PRESS RELEASE

COMPUTER RECYCLING EXPOSES PRISON STAFF AND INMATES TO TOXICS

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Washington, DC — A prison industry that recycles old computer terminals
is under investigation for exposing both prison staff and inmates to harmful levels
of toxic materials, according to documents released today by Public Employees
for Environmental Responsibility (PEER). Dangers flagged by the prison’s
own staff have been removed from the response the prison made to the Occupational
Safety & Health Administration, which is conducting the review.

The federal penitentiary at Atwater is a maximum-security institution located
just outside of Merced in California’s great Central Valley. The federal
prison industry authority, called UNICOR, has operated a computer recycling
plant at Atwater since 2002 but the operation has been plagued by safety problems
and shutdowns. Six other federal prisons have similar computer recycling plants.

In late December, the prison’s own staff filed an OSHA complaint, alleging
that –

· Particles of heavy metals, such as lead, cadmium, barium and beryllium,
are released when inmate workers break the glass cathode ray tubes during shipping
and disassembling;

· The UNICOR factory at Atwater provides an open food service in the
contaminated work areas; and

· Neither prison staff nor inmates were informed of health risks. No
training on handling contaminants is provided. Blood and urine monitoring is
incomplete.

In his initial draft response to OSHA, the warden at Atwater acknowledged many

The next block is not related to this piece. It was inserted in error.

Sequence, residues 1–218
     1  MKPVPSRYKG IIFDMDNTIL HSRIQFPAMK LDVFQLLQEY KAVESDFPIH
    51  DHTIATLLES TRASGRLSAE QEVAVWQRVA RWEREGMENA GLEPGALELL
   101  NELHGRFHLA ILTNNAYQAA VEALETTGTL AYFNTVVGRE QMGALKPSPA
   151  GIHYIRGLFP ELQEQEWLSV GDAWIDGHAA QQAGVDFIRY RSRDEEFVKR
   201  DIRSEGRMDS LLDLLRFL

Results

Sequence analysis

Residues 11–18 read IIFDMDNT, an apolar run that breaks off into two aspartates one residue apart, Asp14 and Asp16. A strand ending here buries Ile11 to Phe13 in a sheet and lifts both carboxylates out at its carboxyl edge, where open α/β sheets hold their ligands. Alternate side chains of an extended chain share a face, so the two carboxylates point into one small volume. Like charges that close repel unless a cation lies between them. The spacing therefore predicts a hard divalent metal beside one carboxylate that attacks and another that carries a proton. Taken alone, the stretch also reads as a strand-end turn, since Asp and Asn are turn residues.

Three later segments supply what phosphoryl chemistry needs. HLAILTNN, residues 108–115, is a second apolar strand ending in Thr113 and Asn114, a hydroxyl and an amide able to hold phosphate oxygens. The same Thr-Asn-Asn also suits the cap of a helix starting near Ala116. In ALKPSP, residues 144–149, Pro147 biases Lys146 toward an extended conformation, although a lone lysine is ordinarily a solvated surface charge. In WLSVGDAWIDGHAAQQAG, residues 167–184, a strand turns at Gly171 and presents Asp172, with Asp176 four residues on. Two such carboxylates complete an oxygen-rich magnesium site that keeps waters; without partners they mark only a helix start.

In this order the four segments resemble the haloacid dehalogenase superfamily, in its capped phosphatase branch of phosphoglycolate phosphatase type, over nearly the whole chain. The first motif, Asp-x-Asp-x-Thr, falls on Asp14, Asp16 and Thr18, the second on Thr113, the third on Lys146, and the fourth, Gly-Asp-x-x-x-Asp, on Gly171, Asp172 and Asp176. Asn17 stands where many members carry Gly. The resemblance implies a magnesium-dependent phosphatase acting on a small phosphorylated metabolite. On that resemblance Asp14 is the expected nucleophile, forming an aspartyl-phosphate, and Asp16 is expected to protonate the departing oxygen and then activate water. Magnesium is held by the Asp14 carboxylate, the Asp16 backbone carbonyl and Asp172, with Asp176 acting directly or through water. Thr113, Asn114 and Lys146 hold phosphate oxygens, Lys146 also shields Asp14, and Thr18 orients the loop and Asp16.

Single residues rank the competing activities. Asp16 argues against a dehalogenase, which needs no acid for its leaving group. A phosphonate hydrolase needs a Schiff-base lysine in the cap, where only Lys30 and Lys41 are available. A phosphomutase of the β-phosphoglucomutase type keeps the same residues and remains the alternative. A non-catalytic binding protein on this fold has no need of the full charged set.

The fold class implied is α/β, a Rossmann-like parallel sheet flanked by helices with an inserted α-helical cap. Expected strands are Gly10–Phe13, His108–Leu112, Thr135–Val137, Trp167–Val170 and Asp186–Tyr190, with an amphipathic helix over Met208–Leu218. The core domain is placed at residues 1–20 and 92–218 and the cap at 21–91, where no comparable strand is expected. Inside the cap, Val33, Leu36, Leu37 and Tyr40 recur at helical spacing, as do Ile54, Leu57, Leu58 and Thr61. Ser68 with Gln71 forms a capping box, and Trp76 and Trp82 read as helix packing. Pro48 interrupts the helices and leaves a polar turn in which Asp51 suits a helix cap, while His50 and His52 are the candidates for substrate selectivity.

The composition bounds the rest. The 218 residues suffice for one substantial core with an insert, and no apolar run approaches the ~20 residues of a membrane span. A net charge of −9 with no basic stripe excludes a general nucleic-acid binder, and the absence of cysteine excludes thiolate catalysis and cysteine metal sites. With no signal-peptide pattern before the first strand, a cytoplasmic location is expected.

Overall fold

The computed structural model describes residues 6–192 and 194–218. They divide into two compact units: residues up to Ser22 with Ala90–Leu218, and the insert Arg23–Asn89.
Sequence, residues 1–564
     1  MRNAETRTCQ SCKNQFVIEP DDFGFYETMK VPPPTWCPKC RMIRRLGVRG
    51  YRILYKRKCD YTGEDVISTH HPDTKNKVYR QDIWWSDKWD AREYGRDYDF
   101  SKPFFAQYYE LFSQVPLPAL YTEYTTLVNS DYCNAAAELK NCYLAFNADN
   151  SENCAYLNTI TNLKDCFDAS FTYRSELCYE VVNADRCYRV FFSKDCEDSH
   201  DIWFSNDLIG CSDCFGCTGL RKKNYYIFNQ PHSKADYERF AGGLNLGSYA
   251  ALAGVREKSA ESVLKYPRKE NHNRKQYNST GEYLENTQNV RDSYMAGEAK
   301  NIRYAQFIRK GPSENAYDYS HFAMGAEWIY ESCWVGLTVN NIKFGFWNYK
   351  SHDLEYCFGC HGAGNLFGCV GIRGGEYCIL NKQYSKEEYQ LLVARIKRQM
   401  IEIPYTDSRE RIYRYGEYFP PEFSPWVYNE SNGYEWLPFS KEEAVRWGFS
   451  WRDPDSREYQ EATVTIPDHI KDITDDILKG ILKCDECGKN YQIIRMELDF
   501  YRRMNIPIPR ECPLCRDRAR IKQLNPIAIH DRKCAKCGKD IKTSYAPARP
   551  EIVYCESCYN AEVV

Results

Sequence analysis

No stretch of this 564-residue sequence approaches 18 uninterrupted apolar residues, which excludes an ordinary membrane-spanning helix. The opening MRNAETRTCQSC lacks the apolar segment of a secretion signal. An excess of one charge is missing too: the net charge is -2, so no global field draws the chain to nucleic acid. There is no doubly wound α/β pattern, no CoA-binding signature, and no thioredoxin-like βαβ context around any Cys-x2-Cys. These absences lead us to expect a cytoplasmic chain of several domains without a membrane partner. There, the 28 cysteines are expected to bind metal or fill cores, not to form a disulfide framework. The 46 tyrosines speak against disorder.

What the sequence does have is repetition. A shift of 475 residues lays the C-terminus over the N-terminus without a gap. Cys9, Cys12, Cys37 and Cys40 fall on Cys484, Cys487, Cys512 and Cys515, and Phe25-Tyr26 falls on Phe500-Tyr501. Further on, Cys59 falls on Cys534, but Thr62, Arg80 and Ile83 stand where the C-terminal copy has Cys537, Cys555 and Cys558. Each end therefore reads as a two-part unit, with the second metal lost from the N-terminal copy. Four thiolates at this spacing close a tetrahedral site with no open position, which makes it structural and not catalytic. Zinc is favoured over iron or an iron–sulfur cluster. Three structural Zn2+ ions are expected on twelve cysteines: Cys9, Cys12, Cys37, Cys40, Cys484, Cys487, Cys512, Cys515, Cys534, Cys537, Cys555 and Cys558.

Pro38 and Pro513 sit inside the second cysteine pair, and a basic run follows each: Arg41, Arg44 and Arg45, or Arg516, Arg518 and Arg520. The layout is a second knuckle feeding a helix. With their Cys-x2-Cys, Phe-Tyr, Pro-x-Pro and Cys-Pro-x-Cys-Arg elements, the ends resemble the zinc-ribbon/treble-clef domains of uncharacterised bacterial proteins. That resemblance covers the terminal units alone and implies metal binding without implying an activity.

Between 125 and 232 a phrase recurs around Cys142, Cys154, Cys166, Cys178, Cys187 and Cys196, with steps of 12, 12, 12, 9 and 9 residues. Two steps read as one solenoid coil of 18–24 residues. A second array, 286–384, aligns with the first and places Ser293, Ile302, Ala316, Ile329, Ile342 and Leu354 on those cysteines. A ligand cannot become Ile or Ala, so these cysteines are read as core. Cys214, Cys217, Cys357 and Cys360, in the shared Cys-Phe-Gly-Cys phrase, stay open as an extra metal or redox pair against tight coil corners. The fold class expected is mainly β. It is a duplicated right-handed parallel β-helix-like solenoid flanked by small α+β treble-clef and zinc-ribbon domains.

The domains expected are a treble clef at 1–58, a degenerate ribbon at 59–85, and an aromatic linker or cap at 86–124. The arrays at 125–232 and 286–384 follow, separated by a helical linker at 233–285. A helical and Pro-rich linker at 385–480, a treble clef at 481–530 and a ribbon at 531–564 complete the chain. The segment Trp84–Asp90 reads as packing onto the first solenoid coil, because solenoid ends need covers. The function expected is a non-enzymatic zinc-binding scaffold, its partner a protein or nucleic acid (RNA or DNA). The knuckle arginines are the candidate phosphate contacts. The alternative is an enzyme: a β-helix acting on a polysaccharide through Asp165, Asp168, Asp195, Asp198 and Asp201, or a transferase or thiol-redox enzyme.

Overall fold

of these problems. The Federal Bureau of Prisons headquarters, however, removed
most of admissions of fault from its final response that was sent out on February
11, 2005. Institution staff at Atwater promptly wrote the warden to protest
the changes and challenge the accuracy of the final report to OSHA.

“The concern is not only about prisoners but about staff who go home
with toxic dust on their clothes and risk spreading contamination to their families,”
stated PEER Executive Director Jeff Ruch, noting that wipe samples taken off
skin, clothing, floors and work surfaces showed dangerous levels of hazardous
dust. “Recycling computer parts is inherently a dirty business but it
does not have to be a deadly one.”

In recent months, both the State of California and Dell, the country’s
largest computer maker, have cancelled their computer recycling contracts with
UNICOR. Last month, the U.S. Environmental Protection Agency also suspended
its contract. None of these moves, however, were prompted by safety concerns
but all have the effect of placing greater economic pressure on keeping costs
low for the remaining UNICOR computer clients.

“At a time when budgets are getting thinner, the temptation to cut corners
and put workers at risk becomes even greater,” Ruch added, pointing to
the larger question as to whether UNICOR is equipped to handle electronic waste
safely. “At the very least, there needs to be an independent investigation
into what is going on at Atwater.”

The Federal Bureau of Prisons is an agency within the U.S. Department of Justice.
Thus, the new U.S. Attorney General, Alberto Gonzales, now oversees one of the
largest prison systems in the world.

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Read memo from
Atwater Prison safety staff outlining problems in the computer recycling operation

 

View the OSHA notice

 

See Atwater Prison’s
original response to OSHA

 

Look at
the final response from Atwater Prison to OSHA after changes from the Federal
Bureau of Prisons Central Office

 

Read letter of
protest from Atwater prison safety staff

 

Photos of
the computer recycling program at Atwater Federal Prison